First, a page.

At this stage if there are no channels available to China via Russia and Manchukuo a voice will say “Shanghai is busy – kindly call a little later please.” But suppose, as no doubt will be the case, that there are an adequate number of paths available – further impulses of suitable frequency and code will be transmitted by equipment over cable or open wires or by ultra shortwave radio links from Moscow to Dalny in Manchukuo and thence by carrier over cable to the Shanghai exchange where a train of automatic switches will receive further pulses, now of voice frequency, and obtain the called party. Intimation that Mr. Lung is being obtained will be by a voice saying, “Your subscriber is being called” instead of ringing clicks, and, when the called party answers each will be able to see the other by means of vision screens on their instruments. During this time you have not been at your instrument long enough to get a cigarette from your case and light it.

Furthermore a machine has already recorded that: (a) You have made a call to “Shanghai 5678”, (b) The time you started, (c) The day of the month and year, (d) The amount of the charge per conversation period

When the called party answers this machine will record: (e) Your number: having found it by detecting V.F. signals emanating from your line circuit, (f) Each chargeable conversation period,

and when the call is finished will produce a ticket which will later on appear on your telephone account.

Now, at this stage, those readers that have not previously been bored will say that the perpetator of this fantasy is ready for the “Bug” house. Far from it. Just let us look and see how far we are towards this end at this very moment.

(1) English is fast becoming the universal language of the speaking world, so calling by the same language can be standardised.

(2) Magnetic and many other methods of voice recording are available (Lorenz, Blattnerphone, Film)

(3) The translation of these recordings into electrical equivalents is in use (Talkies, Broadcasting, Television)

(4) Storage and translation of impulses (automatic telephone system): the Rotary system which is a machine driven digit storing system which serves 84 per cent of the subscribers on automatic exchanges in New Zealand today; the Director, “step by step” (Strowger system which is in vogue in Great Britain.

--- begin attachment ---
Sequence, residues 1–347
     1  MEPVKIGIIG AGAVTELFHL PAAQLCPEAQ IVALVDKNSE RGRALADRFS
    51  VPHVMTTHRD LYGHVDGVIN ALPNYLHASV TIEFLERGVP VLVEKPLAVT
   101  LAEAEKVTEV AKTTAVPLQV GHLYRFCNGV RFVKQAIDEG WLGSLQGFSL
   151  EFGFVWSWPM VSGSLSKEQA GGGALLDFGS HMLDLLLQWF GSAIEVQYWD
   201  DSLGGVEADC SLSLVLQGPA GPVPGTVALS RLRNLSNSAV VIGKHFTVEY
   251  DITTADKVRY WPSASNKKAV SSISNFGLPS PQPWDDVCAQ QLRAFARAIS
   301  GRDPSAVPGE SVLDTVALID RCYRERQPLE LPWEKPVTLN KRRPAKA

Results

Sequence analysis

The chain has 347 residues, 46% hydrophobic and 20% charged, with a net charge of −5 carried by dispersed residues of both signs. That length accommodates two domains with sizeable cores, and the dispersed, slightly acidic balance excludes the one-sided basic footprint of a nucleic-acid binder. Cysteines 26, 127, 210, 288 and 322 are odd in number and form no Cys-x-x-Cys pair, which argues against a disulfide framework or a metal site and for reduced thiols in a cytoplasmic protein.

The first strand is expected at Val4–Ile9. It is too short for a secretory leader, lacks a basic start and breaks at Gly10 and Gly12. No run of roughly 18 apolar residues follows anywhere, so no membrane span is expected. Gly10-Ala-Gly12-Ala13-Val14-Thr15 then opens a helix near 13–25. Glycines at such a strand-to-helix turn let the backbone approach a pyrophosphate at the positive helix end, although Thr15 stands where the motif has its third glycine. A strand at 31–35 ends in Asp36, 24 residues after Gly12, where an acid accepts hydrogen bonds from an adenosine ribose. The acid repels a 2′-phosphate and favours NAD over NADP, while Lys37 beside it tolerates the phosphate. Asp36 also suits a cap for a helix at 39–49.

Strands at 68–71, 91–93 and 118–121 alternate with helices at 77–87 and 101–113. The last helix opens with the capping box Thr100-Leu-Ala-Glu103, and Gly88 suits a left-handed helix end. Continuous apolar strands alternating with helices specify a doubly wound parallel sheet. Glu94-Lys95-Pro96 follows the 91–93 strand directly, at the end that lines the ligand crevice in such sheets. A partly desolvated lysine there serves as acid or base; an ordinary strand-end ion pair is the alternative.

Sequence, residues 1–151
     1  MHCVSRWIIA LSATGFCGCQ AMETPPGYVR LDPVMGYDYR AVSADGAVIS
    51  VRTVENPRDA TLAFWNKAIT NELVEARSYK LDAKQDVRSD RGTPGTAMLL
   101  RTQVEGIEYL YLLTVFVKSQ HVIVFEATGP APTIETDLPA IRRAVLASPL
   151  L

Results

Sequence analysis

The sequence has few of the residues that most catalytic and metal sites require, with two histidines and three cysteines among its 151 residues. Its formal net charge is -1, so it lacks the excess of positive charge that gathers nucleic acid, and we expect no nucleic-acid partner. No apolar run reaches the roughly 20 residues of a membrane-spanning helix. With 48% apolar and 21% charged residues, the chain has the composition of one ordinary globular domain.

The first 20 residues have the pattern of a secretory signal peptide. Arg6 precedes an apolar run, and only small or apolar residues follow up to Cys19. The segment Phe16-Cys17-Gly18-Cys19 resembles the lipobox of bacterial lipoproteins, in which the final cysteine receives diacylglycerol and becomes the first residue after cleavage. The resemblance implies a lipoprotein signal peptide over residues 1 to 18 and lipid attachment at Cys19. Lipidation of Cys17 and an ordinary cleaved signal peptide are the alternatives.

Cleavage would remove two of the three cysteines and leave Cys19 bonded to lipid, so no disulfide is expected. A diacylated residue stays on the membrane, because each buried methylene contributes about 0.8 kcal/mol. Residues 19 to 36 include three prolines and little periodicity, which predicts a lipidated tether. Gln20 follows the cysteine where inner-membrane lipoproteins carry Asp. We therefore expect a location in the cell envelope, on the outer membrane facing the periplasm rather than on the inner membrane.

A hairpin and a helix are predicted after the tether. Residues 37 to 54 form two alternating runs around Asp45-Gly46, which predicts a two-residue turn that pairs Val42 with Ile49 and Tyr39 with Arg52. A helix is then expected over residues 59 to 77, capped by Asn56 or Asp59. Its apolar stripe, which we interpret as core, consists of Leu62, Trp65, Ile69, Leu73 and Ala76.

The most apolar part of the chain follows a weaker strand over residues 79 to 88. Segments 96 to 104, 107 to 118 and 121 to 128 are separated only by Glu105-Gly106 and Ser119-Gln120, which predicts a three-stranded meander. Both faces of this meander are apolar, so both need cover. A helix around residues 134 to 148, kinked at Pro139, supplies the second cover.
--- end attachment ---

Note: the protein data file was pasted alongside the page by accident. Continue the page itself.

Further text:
(5) Signal and voice transmission at radio frequencies is used every day (radio services).

(6) Automatic selection of suitable radio channels to obtain stable communication is available now (R.M.S. Queen Mary, radio links).

(7) Conversation over the air Is secret (speech inversion).

(8) Television is developing rapidly (Alexandra Palace vision signals have been received in New York 3000 miles away).

(9) Open wire carrier systems and radio links across Russia are in course of erection.

(10) Carrier over cable is an accomplished fact (Bristol to Plymouth 12 channels over one pair).

(11) Voice instead of tone for signals is in use (talking clock and subscriber engaged service, etc).

So it would seem that all that is required is co-operative development – the converging of the specialists’ activities under one common control. Such a state of affairs is by no means easy in a nation. It is even more difficult to encourage it internationally.

The preparation of the tender specification for the equipment to carry out this peep into the future would be far more amusing to watch than a wool sale or a “choke-oh” match.

In days gone by, fire was obtained by rubbing two pieces of wood together. In days to come slide rules will produce the same phenomena because, although the equipment in style and form exists today, it is the overall technical characteristics that will cause the headaches, and the little boy who today takes kindly to his sums may be one of the “all-rounders” responsible for the tender specification. It is largely a matter of mathematics, production technique and co-operation.

This article purposely refrains from touching the telegraphic side of the communication art, not that it is any less or any more, interesting, but to have brought telegraphic progress into the scope of this article would have complicated the issue and a peep into its future can very well be left to some future occasion.

Did someone ask if there would still be wrong numbers? Let the question be answered this way – the man that stutters will be Internationally speechless!